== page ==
How to prepare a good talk

Thoughts about talks

by Hazel Sive

Communication is an essential part of research. Here are some thoughts
to help you prepare good talks.

General thoughts:

  • Divide your talk into background and specific science
  • The goal is to keep your audience with you throughout the talk
  • Know your audience:
    • what is their level of expertise (usually lower than you think)


  • Should be AT LEAST 1/4 - 1/3 of your talk (I would go for the 1/3)
  • State your question:
    • build up from the general big question to your specific question
  • Don't assume your audience is informed


  • State your specific question
  • Try to break it into sub-questions
  • Very helpful to have a topics slide that lists the topics you'll cover

    For example:

    - Introduction
    - Gene Isolation
    - Opl and neurogenesis

    Keep coming back to this, highlighting each line to indicate where you are in the talk

  • Put in summary slides along the way:
    • it can be helpful to keep showing the same summary slide,
      building it up along the way
  • Can be helpful and interesting to pose questions

Slide-making tips:

  • Have a slide for every point
  • Don't talk about anything that's not on a slide
  • Talk for 1 minute AT MOST about 1 slide
  • Have a heading on every slide, explaining the point of the slide
  • Label slides well:

    For example:

    - you should not have to describe where A and P are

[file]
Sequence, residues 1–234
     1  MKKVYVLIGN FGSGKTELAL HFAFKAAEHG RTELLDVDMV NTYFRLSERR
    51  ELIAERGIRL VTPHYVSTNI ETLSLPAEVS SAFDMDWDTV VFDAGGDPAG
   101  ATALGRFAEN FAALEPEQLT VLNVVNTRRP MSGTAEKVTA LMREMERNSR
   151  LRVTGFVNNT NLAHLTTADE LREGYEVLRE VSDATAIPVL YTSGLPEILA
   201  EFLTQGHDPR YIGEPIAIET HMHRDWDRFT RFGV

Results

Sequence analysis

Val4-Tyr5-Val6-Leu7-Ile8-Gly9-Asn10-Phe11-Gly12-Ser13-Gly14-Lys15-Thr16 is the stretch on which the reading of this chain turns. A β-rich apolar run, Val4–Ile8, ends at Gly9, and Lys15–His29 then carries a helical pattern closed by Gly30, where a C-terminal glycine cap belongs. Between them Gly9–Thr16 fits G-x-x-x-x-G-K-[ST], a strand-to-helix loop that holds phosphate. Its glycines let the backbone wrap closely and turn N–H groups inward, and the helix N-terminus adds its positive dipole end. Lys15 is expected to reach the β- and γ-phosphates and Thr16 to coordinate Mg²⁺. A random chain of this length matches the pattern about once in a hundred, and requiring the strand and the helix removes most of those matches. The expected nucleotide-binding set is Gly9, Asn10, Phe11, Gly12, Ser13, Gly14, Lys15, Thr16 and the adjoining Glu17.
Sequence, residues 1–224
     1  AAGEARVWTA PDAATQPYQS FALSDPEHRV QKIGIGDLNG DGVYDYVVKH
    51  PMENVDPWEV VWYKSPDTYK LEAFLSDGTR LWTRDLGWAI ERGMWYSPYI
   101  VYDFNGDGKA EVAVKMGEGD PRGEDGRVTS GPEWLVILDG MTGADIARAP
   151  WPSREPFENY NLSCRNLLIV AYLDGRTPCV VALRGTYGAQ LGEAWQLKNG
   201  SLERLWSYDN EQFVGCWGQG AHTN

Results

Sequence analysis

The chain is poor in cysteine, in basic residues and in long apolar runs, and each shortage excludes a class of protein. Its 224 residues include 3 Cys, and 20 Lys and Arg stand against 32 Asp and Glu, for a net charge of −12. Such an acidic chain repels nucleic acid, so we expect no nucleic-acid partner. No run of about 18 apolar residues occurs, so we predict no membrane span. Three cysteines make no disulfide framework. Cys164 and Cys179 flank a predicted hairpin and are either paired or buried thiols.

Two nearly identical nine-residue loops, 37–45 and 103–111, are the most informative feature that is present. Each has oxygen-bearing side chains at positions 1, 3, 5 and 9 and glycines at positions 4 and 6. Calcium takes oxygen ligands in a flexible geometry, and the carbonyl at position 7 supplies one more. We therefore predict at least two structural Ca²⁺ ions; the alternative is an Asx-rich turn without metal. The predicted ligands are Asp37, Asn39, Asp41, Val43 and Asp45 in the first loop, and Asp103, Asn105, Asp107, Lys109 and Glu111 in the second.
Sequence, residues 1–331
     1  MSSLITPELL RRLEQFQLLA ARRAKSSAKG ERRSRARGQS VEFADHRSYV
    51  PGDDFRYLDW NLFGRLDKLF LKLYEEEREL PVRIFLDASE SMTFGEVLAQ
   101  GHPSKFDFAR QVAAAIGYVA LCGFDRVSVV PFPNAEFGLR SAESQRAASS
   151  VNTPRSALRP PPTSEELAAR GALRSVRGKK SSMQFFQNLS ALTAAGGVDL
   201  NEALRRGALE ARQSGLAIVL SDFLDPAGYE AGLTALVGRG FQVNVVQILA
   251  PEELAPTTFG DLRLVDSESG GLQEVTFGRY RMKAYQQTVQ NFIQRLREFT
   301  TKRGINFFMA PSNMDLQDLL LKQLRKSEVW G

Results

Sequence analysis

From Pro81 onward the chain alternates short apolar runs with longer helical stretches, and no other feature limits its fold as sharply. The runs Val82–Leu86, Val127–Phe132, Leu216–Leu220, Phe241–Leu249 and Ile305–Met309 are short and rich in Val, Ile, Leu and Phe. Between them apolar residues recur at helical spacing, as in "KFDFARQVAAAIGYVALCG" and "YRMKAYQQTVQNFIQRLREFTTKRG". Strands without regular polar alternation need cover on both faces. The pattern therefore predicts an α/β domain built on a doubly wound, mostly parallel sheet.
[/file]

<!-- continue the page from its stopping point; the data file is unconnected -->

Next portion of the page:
- Or whether it's a dorsal view
    - Or which color shows which gene in an in situ

  • Fill the frame with your data
  • The heading should be no wider than your data
  • Fonts should be no smaller than 24 throughout (18 if essential)
  • Headings should be one or two sizes larger than your labels, not more
  • When you have your potential slides:
    • view them on the slide sorter function of powerpoint
    • they should be varied for interest

      For example:

      - not all white background
      - not all in situs, or autorads


  • Talk slowly and clearly
  • Look at your audience
  • Make eye contact
  • Try not to ummm
  • Be enthusiastic
  • At the beginning, invite your audience to interrupt
  • Try not to say "just want to show this..."
    • if it is worth showing, show it without apology

Before your talk:

  • Practice, practice, practice
    • preferably in front of an audience and get criticism
  • Practice with your slides, standing up
    • it is a cardinal sin to go over time
    • your talk should be 5-10 mins less than the scheduled time to allow questions
  • Think about the logic of your talk
    • it may make sense to present things
      • in the order in which you did them
      • it may be better to change the chronology
    • try a few arrangements


Go get 'em!!!